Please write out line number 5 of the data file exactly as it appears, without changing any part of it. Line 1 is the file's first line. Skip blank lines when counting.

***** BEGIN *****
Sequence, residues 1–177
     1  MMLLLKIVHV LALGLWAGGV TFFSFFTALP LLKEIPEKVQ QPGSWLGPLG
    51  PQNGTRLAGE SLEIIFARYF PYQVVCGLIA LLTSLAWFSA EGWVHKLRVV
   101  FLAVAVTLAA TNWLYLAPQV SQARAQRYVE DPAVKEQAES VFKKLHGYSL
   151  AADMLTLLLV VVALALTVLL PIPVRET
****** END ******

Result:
   151  AADMLTLLLV VVALALTVLL PIPVRET